Posts Tagged ‘project’
For his project titled Time, photographer John Clang shoots various locations multiple times from the same perspective, and then rips and weaves the photographs together to show multiple points in time in each image.
A series that involves recording a location, to show the passing of time in a montage style. There is a sense of intimate intricacy of how time moves, and how people, albeit in a different time, are actually closer to one another and traveling in the same shared space. I’ve always been intrigued by the constant subtle changes in my urban environment.
Remember the hoopla last year after artist/programmer Kyle McDonald installed an app on Apple store computers to secretly snap portraits of customers? Outcries of “invasion of privacy” sprang up everywhere, and Apple got the Secret Service involved in putting an end to it. Well, photographer Irby Pace has done something similar, but instead of secretly capturing images, Pace simply visits Apple Stores and harvests self-portraits “abandoned” on the devices. Pace collected over 1,000 images in 2010 by emailing and texting them to himself, and is currently displaying them in a gallery exhibition titled “Unintended Consequences”.
New Zealand-based photographer Geoffrey H. Short has an ongoing series titled Towards Another (Big Bang) Theory that explores “the relationship between terror and the sublime” with images of large explosions frozen in midair. Short hired film industry special effects technicians to create the “big bangs” using fossil fuel mixed with gunpowder.
San Diego-based photographer Tim Mantoani has an awesome project and book titled “Behind Photographs” that consists of 20×24-inch Polaroid portraits of famous photographers posing with their most iconic photographs. The film costs $200 per shot, and Mantoani has created over 150 of the portraits already since starting the project five years ago.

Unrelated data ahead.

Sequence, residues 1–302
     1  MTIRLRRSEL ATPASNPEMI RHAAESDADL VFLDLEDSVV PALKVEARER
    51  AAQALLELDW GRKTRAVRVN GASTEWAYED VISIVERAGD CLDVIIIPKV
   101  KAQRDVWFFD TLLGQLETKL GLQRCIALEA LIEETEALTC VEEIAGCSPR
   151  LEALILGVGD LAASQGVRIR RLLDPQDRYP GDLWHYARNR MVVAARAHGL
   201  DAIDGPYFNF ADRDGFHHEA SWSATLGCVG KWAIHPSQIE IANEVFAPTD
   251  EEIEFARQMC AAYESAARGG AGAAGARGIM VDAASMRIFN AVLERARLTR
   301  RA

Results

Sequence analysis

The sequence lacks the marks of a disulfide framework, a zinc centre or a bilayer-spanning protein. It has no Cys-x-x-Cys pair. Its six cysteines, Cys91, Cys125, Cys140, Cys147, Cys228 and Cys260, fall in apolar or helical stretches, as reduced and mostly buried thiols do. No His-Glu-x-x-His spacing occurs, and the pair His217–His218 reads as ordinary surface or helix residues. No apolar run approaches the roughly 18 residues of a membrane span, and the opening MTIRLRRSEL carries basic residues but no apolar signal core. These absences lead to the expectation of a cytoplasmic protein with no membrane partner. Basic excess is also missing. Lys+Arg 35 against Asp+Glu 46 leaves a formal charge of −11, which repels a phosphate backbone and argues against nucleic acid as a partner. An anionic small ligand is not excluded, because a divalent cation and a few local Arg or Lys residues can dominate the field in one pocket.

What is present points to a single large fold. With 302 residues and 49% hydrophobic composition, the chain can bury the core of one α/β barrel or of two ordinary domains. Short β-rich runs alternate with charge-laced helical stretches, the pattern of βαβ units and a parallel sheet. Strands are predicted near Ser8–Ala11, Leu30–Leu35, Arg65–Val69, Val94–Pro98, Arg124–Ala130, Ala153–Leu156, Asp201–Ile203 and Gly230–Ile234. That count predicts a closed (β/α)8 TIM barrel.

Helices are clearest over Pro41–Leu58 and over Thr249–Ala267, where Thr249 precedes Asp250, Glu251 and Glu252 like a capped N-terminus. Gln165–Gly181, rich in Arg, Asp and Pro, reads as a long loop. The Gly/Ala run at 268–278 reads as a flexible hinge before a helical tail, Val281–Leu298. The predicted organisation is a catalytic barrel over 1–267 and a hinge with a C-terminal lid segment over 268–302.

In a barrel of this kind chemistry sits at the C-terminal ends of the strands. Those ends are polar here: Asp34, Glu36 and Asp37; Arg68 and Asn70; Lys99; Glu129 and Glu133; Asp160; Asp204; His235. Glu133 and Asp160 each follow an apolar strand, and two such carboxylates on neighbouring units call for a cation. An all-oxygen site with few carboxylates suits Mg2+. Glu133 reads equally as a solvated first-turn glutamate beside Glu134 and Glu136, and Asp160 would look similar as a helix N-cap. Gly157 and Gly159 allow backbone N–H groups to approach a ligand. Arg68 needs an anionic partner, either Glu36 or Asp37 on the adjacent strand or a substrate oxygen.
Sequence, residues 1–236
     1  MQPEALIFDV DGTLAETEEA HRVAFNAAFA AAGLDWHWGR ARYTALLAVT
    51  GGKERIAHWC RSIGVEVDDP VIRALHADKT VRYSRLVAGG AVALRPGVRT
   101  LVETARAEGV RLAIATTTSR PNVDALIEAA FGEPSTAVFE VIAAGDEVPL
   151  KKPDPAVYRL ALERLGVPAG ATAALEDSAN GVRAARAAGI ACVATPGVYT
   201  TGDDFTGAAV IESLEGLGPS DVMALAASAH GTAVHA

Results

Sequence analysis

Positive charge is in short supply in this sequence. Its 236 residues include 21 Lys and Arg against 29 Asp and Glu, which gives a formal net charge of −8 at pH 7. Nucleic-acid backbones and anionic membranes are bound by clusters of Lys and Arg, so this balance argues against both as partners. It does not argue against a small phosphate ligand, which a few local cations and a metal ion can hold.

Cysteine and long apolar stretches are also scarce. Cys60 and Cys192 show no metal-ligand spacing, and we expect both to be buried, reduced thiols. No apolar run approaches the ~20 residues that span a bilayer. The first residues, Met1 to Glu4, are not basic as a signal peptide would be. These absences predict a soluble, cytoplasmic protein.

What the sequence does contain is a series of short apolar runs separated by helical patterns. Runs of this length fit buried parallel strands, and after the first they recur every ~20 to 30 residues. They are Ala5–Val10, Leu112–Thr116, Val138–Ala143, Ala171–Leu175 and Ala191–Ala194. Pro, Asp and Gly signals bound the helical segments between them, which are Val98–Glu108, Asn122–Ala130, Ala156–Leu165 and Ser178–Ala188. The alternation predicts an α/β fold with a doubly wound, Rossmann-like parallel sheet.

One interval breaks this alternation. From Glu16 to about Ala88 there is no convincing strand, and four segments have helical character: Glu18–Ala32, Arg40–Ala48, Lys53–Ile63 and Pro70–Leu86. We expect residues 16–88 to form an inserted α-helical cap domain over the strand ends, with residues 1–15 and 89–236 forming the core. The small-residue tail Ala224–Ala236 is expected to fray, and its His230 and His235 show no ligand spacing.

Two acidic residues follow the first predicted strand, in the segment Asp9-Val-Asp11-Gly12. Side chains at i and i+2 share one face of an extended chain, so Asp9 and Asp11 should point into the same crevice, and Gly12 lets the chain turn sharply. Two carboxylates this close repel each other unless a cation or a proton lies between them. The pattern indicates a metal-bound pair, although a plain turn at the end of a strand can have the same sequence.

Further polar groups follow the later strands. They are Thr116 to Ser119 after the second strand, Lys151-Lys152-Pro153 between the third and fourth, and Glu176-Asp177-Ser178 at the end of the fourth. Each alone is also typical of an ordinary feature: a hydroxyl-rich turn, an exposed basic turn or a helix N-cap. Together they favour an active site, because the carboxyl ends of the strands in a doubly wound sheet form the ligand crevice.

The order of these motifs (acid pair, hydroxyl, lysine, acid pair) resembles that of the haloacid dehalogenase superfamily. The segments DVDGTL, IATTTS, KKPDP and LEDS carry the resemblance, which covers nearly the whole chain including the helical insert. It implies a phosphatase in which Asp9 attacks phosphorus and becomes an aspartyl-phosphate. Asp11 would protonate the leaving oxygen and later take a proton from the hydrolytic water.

MIOPS is a new smartphone-controlled camera trigger that combines all of the features photographers want in a high-speed camera trigger into one convenient device.
For his project Vanishing Cultures, photographer Dennis Manarchy is traveling around the country documenting various cultures with a one-of-a-kind, 35-foot-long camera called “Eye of America”. Styled like an old fashioned large format camera, it’s so large that a person can work comfortably inside it. The negatives measure 6×4.5 feet, and are so large that windows must be used as lightboxes to examine them. The detail in a portrait subjects’ eyeball alone is a thousand times greater than what you get with the average negative. Resulting portraits will be featured on prints 2 stories tall.